Imagine a woman who runs an Instagram account about adding beauty to our homes.

She posts the most amazing photos of fresh-cut flowers on her counter, positioned just so to create a breezy elegance. The idea is to teach us how to create simple charm in our own kitchens.

She posts lovely Easter portraits of her perfectly coiffed children, not to brag, but to give us ideas of how we might be able to use the sun and the grass and the baby chicks to create our own keepsakes.

One day, people find out that this woman isn’t actually doing these amazing vignettes on her own. She has help — loads of help. Professional photographers, staging artists, and a child wrangler, just to name a few.

People are mad. They feel duped. They assumed the photos they saw were ten minute creations by someone who is just better at style than they are.

It never occurred to them that while her goal is to teach people how to add beauty to their lives, she might need help making it happen, too.

I’ve had the incredible honor of sharing some kindness tips in live Facebook interviews thanks to an organization called Lost & Found. They specialize in mental health and work to eradicate suicide on college campuses.

The people from my team and their team came up with the name: The Kindness Hour with Nicole J Phillips. As scared as I was to present online (it feels different than an in-person audience), I showed up because when the title includes your name, you have to show up.

I use makeup and hairspray and clean clothes. I try to make jokes. I smile a lot.

Week One, I encouraged people to let go of the negative thoughts running around their minds and gave some tips to help make that happen.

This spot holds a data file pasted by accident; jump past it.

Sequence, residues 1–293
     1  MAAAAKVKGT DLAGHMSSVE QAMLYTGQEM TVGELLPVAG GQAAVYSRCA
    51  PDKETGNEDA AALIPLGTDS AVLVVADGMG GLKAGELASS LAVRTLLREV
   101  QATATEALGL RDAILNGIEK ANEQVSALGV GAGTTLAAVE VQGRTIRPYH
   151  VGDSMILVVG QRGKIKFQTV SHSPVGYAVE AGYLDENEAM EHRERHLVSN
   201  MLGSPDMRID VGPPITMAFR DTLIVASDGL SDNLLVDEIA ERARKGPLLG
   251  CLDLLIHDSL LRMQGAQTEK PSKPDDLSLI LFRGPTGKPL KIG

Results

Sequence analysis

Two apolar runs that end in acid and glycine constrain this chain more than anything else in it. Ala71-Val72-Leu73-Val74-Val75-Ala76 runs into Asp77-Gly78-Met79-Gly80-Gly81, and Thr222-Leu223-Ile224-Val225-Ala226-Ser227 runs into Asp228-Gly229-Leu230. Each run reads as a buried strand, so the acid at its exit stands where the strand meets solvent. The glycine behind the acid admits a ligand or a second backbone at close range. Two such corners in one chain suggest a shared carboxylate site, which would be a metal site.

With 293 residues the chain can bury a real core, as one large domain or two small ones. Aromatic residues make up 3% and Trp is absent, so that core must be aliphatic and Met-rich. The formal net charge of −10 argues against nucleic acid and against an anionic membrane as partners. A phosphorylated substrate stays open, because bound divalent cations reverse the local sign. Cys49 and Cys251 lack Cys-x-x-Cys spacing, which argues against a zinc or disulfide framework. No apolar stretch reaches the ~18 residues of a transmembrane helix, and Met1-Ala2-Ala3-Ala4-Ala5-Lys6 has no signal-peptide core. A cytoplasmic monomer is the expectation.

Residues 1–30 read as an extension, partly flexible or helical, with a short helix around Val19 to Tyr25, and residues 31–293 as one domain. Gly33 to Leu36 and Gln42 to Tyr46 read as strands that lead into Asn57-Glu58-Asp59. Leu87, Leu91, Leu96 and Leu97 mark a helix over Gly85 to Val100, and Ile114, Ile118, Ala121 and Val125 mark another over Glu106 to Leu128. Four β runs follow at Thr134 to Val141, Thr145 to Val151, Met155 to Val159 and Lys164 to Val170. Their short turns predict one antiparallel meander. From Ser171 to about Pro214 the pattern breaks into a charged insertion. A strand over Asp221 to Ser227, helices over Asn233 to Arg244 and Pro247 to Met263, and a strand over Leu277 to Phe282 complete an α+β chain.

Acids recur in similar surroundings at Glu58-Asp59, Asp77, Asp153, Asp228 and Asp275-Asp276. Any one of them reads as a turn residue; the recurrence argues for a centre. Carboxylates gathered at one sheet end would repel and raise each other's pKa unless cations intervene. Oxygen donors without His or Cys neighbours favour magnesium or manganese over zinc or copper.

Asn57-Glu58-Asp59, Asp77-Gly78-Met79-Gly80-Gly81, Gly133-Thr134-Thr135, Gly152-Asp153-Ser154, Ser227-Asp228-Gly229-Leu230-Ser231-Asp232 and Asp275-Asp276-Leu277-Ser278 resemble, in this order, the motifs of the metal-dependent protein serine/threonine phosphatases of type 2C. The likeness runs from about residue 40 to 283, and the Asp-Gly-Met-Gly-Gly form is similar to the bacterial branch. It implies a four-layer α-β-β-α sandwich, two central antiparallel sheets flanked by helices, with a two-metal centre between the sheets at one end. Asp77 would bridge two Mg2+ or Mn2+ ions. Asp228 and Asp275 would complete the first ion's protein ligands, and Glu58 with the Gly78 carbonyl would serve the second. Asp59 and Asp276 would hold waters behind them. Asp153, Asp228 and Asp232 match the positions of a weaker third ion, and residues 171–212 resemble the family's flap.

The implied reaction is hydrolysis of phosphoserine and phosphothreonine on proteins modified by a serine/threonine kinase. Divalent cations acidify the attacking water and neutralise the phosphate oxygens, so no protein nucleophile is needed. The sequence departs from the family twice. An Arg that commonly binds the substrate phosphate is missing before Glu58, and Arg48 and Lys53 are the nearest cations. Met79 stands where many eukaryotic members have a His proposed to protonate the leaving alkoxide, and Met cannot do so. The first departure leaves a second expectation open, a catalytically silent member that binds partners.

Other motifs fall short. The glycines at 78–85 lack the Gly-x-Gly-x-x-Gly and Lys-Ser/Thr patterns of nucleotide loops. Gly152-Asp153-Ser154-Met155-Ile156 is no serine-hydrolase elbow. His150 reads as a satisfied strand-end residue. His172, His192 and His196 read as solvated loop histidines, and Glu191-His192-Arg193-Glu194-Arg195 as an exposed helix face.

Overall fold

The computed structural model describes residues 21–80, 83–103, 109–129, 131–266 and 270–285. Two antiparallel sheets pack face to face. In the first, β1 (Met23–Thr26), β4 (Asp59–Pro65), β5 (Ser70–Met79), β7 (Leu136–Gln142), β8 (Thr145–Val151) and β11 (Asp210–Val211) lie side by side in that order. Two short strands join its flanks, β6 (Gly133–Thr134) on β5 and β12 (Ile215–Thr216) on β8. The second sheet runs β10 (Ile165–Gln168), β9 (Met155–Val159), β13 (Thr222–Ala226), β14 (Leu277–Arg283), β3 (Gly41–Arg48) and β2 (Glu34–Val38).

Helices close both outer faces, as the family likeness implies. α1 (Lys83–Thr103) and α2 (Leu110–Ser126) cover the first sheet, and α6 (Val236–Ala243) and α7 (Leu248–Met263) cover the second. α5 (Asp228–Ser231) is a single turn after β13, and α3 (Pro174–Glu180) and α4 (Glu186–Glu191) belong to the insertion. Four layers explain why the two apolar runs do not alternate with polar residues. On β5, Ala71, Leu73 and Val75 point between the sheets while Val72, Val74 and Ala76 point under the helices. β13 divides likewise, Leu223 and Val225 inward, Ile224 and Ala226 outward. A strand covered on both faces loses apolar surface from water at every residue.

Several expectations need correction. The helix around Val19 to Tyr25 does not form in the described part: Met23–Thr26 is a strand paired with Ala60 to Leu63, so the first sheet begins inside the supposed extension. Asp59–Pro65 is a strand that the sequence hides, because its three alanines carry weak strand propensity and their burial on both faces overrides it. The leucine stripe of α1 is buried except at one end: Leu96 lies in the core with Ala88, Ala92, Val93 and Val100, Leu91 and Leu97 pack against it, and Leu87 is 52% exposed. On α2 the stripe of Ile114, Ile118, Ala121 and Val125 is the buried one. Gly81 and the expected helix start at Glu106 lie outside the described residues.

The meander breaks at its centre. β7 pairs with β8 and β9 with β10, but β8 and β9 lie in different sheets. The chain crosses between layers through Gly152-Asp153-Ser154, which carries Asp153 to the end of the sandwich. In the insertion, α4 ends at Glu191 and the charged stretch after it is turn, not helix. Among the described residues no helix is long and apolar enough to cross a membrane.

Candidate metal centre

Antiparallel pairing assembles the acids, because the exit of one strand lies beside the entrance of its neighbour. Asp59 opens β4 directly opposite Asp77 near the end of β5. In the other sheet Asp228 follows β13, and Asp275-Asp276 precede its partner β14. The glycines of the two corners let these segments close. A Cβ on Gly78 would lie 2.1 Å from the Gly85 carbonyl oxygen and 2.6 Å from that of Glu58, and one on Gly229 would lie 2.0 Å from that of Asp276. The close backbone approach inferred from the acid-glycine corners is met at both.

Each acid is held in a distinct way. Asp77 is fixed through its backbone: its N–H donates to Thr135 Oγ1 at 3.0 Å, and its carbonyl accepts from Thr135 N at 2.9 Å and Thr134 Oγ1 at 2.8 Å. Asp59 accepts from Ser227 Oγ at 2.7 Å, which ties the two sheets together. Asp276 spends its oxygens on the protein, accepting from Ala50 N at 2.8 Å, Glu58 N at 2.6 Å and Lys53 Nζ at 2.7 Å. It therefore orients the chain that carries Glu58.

Week Two, I shared the science behind kindness and what happens in our bodies when we give, receive or witness an act of kindness.

This is Week Three.

Wednesday at 2pm (Central), I will again put on “work” clothes for the first time this week. I will share my favorite topic — how to be a magnet for kindness — and I will strive to remind people they are not alone in this great big crazy coronavirus world.

I feel compelled to write this today, because I don’t want us to get confused like we do sometimes when we see those perfectly executed Instagram posts that look easy but are WAY hard.

Just because I am the one who gets to be on the screen during The Kindness Hour does not mean I am the one who has it all together.

If you wake up in the morning feeling like you’re Bill Murray in Groundhog Day, let me just say, me too.

If you contemplate crawling up the walls by mid-afternoon, me too.

If you commiserate with a bowl of ice cream and reruns of The Simpsons most nights, me too.

If you’re lonely, but not sure what you’re lonely for, me too.

This is hard, friend. No one is a quarantine rockstar. No one is doing it better than you. And even if they are, who cares. You be you.

Looks can be deceiving. We know that from our Instagram feeds.

But each day we wake up and authentically love on ourselves and another person, I call it a win. Maybe it’s not even an action, but just a simple good thought. When we do that day after day after day, we stack up so many wins, we don’t even have to bother thinking about the losses. Or who might be better at this game than we are.

So today, let’s get up and give grace. To ourselves and others.